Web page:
French dairy group Lactalis has recalled 12 million tins of its products from around the world after babies took ill after drinking the contaminated product. According to reports, there were 38 Salmonella Agona infections reported between mid-August and December last year, with three dozen of those linked to Lactalis milk.
In a statement released this week, Lactalis said that the contaminant was discovered in one of its drying towers in northern France. The same strain of Salmonella Agona has been traced back to a second outbreak in 2005.
The recall includes all baby milk powder and cereals produced at the plant. The outbreak and subsequent crisis is expected to cost Lactalis hundreds of millions of dollars.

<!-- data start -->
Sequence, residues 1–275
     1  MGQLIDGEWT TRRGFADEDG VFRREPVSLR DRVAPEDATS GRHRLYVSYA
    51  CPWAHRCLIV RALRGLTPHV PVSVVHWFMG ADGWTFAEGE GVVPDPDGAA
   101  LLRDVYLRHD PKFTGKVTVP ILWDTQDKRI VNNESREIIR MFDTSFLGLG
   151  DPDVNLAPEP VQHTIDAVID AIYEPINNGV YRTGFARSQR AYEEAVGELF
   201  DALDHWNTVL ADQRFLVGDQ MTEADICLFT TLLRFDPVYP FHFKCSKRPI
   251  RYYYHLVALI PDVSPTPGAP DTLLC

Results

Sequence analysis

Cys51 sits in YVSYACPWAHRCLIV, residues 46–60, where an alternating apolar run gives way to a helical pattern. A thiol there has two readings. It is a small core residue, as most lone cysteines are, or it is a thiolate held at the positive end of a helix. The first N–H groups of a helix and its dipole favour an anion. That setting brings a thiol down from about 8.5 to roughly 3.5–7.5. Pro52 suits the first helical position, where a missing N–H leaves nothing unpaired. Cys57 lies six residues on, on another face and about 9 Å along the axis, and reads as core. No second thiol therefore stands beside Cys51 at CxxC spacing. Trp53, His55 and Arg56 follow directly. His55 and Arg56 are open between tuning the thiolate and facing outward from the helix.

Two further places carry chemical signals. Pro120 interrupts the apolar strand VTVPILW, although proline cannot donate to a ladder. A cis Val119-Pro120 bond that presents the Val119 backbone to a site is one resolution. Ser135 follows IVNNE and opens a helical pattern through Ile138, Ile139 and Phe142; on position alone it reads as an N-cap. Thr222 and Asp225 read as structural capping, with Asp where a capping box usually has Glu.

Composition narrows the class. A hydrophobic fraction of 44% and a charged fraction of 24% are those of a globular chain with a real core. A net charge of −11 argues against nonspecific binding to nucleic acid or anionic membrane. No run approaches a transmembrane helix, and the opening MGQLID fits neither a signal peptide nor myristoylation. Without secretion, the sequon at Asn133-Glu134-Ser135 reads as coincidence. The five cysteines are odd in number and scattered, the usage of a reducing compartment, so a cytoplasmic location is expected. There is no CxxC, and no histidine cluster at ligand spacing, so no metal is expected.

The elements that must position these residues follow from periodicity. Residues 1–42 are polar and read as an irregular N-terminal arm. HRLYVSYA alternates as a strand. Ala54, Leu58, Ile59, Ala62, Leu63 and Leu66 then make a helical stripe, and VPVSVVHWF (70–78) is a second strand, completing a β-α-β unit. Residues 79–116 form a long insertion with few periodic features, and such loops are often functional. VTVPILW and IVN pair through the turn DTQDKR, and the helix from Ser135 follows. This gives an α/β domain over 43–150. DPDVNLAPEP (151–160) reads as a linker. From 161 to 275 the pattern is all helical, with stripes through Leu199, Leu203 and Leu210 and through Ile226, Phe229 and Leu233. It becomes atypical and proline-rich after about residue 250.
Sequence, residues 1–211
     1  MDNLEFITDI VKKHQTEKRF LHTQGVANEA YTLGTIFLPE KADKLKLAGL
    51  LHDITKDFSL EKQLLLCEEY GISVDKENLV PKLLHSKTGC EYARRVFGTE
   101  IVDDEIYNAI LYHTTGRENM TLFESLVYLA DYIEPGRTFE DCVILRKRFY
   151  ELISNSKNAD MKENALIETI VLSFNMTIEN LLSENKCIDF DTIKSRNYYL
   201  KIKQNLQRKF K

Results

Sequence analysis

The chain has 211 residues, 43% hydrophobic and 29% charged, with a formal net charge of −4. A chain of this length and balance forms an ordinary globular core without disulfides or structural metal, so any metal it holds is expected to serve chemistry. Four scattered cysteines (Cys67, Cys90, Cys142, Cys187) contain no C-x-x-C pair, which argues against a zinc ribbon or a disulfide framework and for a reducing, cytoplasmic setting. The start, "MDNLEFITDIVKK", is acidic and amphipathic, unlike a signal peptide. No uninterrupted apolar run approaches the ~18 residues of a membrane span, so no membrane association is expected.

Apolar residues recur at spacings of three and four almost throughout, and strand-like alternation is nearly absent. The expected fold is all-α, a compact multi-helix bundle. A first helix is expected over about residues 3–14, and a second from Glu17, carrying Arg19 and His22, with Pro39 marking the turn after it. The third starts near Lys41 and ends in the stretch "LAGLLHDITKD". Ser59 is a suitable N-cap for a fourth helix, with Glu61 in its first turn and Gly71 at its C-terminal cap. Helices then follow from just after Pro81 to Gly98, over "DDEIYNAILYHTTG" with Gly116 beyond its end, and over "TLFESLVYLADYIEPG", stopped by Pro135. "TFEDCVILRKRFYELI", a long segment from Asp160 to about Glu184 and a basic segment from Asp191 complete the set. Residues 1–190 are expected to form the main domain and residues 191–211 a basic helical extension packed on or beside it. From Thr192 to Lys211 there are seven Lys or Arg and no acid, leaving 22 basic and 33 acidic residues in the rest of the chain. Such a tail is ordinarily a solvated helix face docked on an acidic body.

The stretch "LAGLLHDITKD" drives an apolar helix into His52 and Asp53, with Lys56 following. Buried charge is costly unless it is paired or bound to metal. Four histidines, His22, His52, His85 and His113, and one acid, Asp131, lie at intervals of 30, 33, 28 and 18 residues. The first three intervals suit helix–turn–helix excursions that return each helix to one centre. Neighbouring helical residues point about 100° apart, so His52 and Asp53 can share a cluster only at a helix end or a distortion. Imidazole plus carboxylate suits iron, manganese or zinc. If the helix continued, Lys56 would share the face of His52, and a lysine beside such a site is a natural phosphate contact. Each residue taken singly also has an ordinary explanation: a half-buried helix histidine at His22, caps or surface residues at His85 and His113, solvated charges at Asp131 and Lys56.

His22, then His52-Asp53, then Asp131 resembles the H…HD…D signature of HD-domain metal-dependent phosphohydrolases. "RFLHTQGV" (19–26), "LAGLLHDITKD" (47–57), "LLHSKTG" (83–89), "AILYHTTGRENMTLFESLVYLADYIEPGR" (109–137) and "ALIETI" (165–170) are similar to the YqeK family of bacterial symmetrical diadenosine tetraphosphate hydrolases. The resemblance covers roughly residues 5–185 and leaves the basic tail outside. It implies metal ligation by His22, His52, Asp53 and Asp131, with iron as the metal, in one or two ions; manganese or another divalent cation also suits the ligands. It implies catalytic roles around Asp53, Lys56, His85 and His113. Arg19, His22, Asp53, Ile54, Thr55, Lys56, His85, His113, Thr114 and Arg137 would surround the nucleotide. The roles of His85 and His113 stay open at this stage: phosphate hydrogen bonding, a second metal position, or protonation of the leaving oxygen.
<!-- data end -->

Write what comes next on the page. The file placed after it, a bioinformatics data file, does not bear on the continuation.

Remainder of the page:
According to the Centers for Disease Control, those suffering from Salmonella Agona “develop diarrhea, fever, and abdominal cramps 12–72 hours after infection. Infection is usually diagnosed by culture of a stool sample. The illness usually lasts four to seven days. Although most people recover without treatment, severe infections may occur. Infants, elderly persons, and those with impaired immune systems are more likely than others to develop severe illness. When severe infection occurs, Salmonella may spread from the intestines to the bloodstream and then to other body sites, and can cause death unless the person is treated promptly with antibiotics.”
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